Home   |   LCS Prints Store   |   About Me   |   FAQ   

Tuesday, June 7, 2011

More Baby Steps

As I woke up Saturday morning, my husband turned to me, singing the song we video-recorded our daughter performing thirteen years ago at her pre-school graduation.  Several hours later, we watched 89 students in blue or white caps and gowns step their way down the aisle of a local music tent to the measured tones of Pomp and Circumstance.  Our daughter was number 73.

A million years ago, I dropped our girl off at daycare the first time and sobbed all the way to work.  When she started kindergarten, I cried, knowing that five years of her life had past, and now she would take critical, independent steps without us.  Each year, after Labor Day, when the start of school rolled around, tears etched channels down my cheeks as I watched her climb onto the bus, or walk into a brick building, knowing that more of her had already separated. Last fall, I stood by the window as she backed the car down the driveway on her first day of her final year of high school, swallowing hard and wondering what it would be like when the year was over.  Now, I swing in a cradle, inspecting my first days in the infancy of knowing.

Is there anything new that can be said about a child growing up?  Is there a way to describe the pride, nostalgia,  regret and joy that circle and weave, in precise terms that communicate these competing sentiments to those who have not lived it?  I think not. 
 
But in spite of all the conflicting waves of emotion, I am clear about one thing.   Forward is the only way.  So I keep going.  Typing blog passages, waving her off as she departs to work, smiling when she returns, and reserving a hotel room for college orientation at the end of this week.

Our job, all these years, has been to help her grow successfully while imbuing her with traits of strength, respect, caring and diligence.  Check, check, check and check.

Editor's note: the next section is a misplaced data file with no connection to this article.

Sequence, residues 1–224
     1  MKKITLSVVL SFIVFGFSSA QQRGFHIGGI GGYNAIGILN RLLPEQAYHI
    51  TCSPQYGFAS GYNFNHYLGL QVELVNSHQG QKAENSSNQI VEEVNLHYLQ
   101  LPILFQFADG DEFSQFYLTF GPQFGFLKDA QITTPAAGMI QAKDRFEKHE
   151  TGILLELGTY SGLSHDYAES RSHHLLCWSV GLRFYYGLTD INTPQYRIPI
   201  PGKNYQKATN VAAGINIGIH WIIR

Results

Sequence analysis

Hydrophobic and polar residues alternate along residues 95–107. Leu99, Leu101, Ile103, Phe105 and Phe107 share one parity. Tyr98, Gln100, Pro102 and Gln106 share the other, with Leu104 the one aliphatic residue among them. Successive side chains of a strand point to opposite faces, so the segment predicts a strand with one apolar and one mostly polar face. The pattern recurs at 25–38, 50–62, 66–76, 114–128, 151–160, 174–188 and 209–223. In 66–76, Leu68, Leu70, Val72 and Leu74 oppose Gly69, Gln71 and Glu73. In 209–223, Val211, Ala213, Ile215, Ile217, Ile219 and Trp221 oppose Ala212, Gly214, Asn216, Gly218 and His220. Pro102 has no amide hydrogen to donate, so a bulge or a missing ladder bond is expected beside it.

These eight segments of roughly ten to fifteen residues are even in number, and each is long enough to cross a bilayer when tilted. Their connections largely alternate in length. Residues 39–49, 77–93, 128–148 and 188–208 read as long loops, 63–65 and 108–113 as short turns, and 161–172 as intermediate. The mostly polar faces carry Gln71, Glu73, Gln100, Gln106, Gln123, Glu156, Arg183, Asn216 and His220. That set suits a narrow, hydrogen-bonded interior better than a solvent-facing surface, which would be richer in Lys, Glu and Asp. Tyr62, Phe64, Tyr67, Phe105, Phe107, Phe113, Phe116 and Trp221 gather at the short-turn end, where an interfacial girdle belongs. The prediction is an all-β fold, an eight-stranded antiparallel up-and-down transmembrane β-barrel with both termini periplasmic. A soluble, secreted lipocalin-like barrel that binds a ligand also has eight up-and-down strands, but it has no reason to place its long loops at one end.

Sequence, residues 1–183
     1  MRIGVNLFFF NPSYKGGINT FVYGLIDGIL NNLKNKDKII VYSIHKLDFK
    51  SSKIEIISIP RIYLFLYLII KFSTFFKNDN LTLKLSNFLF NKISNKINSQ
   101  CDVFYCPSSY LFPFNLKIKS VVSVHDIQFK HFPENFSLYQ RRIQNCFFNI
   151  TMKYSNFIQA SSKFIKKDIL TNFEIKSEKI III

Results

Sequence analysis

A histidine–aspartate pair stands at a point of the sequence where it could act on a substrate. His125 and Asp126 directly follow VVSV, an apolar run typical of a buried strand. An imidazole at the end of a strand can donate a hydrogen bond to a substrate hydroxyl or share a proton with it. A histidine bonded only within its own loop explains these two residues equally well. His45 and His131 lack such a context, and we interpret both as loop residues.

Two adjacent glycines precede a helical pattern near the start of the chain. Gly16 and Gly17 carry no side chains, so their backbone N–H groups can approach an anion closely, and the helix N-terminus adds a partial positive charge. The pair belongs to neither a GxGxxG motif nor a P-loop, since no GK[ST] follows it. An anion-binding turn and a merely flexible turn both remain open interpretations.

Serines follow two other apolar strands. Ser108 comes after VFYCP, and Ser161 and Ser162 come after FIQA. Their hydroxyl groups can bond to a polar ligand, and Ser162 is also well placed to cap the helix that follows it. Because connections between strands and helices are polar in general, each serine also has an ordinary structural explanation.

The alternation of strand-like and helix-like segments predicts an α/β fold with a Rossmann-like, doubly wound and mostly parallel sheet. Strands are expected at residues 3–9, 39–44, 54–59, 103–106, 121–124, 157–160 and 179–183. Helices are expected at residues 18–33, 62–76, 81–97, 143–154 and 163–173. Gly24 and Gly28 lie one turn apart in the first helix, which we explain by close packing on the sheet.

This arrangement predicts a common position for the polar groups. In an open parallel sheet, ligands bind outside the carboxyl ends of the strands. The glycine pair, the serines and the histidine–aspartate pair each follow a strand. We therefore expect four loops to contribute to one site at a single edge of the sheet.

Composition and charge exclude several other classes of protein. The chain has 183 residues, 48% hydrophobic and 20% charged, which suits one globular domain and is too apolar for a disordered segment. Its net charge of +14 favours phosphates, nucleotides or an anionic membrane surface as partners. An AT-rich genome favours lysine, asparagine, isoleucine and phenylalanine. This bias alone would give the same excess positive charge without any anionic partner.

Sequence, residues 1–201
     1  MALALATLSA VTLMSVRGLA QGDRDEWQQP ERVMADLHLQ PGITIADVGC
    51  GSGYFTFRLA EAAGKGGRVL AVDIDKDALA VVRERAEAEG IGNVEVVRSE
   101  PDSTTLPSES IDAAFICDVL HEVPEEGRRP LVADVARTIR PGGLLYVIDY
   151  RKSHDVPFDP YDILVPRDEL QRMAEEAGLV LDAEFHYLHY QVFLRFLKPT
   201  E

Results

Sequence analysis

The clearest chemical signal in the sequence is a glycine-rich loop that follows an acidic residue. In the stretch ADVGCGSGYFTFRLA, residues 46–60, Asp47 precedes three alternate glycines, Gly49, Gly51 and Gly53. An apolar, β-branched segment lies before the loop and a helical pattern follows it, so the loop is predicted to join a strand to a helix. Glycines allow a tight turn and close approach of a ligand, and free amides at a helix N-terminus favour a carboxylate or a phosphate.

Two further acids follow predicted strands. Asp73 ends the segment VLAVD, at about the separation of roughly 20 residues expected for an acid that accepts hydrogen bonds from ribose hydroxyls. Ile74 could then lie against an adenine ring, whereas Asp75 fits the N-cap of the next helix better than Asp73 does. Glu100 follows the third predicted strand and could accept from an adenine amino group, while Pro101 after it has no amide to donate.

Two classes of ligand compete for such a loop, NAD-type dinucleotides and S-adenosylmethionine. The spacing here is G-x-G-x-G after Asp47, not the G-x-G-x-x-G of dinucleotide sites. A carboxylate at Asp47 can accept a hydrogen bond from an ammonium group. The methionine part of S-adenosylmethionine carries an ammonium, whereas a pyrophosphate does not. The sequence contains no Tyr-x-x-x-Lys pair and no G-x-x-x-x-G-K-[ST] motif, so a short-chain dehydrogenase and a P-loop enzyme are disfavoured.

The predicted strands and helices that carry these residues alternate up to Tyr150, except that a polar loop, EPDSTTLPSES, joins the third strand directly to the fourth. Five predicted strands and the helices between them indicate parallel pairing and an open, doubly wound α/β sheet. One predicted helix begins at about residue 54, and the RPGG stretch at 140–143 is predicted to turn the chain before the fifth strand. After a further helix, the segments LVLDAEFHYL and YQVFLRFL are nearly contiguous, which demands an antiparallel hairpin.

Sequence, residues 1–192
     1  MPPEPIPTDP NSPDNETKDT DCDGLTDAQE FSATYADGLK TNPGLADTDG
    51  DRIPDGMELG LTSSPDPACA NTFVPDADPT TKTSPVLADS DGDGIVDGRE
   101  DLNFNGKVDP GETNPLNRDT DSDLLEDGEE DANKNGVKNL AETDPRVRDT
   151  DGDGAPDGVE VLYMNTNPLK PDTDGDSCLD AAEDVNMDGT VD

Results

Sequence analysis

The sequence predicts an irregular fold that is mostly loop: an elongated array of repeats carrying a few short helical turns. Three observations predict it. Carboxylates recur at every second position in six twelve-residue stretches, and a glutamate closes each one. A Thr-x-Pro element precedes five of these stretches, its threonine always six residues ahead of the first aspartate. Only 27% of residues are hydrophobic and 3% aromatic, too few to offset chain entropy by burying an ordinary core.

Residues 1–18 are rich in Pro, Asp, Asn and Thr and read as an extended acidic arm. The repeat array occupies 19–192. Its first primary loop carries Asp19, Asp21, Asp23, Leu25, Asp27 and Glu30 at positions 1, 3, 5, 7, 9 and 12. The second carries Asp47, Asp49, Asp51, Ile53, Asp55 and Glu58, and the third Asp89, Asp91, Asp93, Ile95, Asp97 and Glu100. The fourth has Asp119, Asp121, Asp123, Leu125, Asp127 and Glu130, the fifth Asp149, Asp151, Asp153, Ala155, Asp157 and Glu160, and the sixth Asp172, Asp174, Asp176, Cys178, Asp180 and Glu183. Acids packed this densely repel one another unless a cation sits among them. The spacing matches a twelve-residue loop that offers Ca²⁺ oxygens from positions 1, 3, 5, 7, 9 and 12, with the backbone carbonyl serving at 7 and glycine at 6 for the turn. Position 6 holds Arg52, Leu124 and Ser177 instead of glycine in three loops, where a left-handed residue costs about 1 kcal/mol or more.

Now it's time for us all to move on.

16 comments:

Sharon said...

Poignant. Ah, the ultimate love where separation is the goal, the reward, and the heartache. I can still see my 40 something daughters climbing into that big yellow bus.

EmptyNester said...

Ah, there's the rub- our reward for raising independent daughters turns out to seem like more of a lonely punishment.

Tamika: said...

This makes me want to grab my girls and hold them a little tighter today.

Alex J. Cavanaugh said...

Just know you've done the best you can for her, mom.

Lydia K said...

I can't even begin to imagine my kids graduation. It's giving me palpitations just thinking about it!

Wine and Words said...

I've still got one at home...22. I must say, I'm kinda ready. Took this long, but I think I'm ready for him to fly. I never thought the day would come. I may sing a different tune once his room is empty :(

glnroz said...

This one had to be read in "parts", Ms. Liza. She will always be there ,,for you,,,now.

Jennifer Shirk said...

Aww...you're making me get misty. Life is a journey and there so much more for you and her to go through together. {[hugs}}

Robin said...

That was lovely. Time just rolls on. You have given her the best of you. She couldn't have gotten more.

Matthew MacNish said...

It's hard to let go, sometimes, but it sounds like you're a great mom.

'Yellow Rose' Jasmine said...

I like your nostalgic yet positive take on this. It is the way, isn't it? Moving forward is the only reasonable option.
As one whose mother didn't know how to allow me to move forward, I can say that it is meant for our parents to experience the cruelty of these hard feelings and grow as well. Otherwise we are all stunted.
Good on you. I know it can't be easy.

Helen Ginger said...

You won't move on totally Liza. My daughter is grown and working on her own and living across the country. But next month my sister and I and out two girls are getting together for our first ever Mother/Daughter get-together. I'm quite excited!

Ann Best said...

Moving forward is the only thing to do. That's what our children, and grandchildren, do. Very poignant piece of writing that I can relate to, Liza. As Helen says (above), or implies, they all still in our lives, but in a different way. I'm glad I'm now close enough to my grown and married children so that Jen and I can see them sometimes once a month at least.

Just enjoy these moments with your daughter. There will be more to come.
Ann Best, Memoir Author

Arlee Bird said...

It all goes far too fast and it keeps seeming to go faster. Things move on and we should be happy for that--with just a tinge of bittersweet in the memories. You said it well.


Lee
Tossing It Out

Stephen Tremp said...

I'm going to hug my kids tight before going to bed tonight. College is big step and can be a bitter sweet experience. Hopefully much more sweet as you have raised her right and she is making right decisions for her life and her future.

Lynda R Young said...

Forward is definitely the only way. Beautiful post.